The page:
And then, on what seemed to be a very dark horizon, a bright star appeared. John F. Kennedy was our new and vibrant president. America fell in love with this man who exuded a well-spring of hope and promise. He convinced the nation that peace was the only thing that would save us from extinction. And that peace would come if we had the courage to reach out to the suffering in the world, but it didn’t. History never allowed us to see what John Kennedy would have done. An assassin’s bullets laid such anticipation to rest forever. The war in Vietnam escalated, claiming more and more lives. John Kennedy’s dream of peace seemed to have died in Dallas Texas with the crack of rifle fire.

         But, as is the case with dreams, when one dies another is born. President Kennedy had been dead for nearly four years when a group of young people believed that they could indeed change the world. This phenomenon occurred in the Haight Asbury district of San Francisco. The year was 1967 and has come to be known as The Summer of Love. First, they arrived in their hundreds and then in their thousands. They congregated in the park where they danced and played music. They collected food from stores and restaurants and provided free meals. They developed a free-store where those in need of clothing could find assistance. It was all one big socialist experiment that appeared in stark contrast to the turmoil of the civil rights movement and Vietnam. These young people really believed that in their collective energy resided a solution to many of the nation’s problems, and to the problems of the entire world. The number of youth grew until it overwhelmed the resources of the district. People resorted to living in communal housing and even on the sidewalks. At one point a message was sent out telling people not to come. Residents of the area called for something to be done to save their city from these long-haired invaders. Eventually, the Summer of Love gave way to the Summer of Hell. There was no housing, medical facilities, or any means of caring for the many young children there. The great social experiment of 1967 had ended in dismal failure. These young had believed that if they turned their backs on hate and violence, peace would guide the stars, but it didn’t.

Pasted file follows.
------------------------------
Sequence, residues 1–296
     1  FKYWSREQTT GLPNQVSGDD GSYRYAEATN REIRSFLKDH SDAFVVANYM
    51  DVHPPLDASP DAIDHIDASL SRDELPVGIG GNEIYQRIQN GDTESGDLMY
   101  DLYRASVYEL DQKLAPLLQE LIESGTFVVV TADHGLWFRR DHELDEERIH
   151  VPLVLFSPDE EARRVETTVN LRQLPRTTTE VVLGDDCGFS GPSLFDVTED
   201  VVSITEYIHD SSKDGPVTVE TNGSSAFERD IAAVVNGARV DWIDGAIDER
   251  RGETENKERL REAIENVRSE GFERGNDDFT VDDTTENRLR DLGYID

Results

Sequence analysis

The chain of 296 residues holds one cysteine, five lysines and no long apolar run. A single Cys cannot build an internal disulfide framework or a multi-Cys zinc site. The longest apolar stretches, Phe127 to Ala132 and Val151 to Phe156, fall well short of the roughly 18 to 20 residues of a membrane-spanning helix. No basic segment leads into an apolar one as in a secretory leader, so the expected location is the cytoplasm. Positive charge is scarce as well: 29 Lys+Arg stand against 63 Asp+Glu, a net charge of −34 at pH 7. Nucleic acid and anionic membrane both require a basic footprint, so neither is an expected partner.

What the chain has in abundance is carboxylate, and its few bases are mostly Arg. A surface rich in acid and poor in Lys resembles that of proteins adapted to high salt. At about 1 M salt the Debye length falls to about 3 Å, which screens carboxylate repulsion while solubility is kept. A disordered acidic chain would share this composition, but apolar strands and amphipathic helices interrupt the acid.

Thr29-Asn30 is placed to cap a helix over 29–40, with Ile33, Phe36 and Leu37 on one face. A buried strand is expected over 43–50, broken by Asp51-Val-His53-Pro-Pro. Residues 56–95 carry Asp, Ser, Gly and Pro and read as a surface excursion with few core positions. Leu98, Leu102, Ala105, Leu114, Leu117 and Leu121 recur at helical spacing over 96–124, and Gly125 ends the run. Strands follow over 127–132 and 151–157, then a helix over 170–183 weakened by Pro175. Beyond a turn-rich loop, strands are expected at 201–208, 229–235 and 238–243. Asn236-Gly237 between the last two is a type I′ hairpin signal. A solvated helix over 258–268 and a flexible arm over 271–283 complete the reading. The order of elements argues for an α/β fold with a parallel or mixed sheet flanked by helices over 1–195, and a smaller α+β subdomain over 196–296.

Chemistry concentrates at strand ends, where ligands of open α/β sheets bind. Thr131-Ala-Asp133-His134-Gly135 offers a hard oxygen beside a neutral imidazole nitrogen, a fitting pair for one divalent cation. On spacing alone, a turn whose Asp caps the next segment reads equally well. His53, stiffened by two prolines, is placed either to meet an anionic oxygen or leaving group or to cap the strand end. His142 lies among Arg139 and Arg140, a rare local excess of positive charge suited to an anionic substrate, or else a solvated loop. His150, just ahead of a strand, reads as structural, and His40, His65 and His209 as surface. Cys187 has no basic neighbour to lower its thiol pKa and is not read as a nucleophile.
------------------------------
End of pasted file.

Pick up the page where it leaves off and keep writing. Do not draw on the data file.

And could we not go on and on? There are just so many things in this world as well as in our very lives that are never going to happen. There was a time when citizens, young and old, believed that their government would never lie to them. Young men who answered the call to arms believed that the sacrifice they were making would make a genuine difference in the world. They soon found that the time when that was true had long since passed.

         But that is the world in which we live. For the most part, things aren’t easy or fair or pleasant, and you cannot help but weep over all that has happened to destroy the dreams of millions, or that will happen to destroy the dreams of millions more. But no amount of summoned happiness will change our sad estate. And to all those beautiful young ladies who graced the Miss America Pageant and said with such poise that they prayed for peace to change the world. Well, ladies, it didn’t.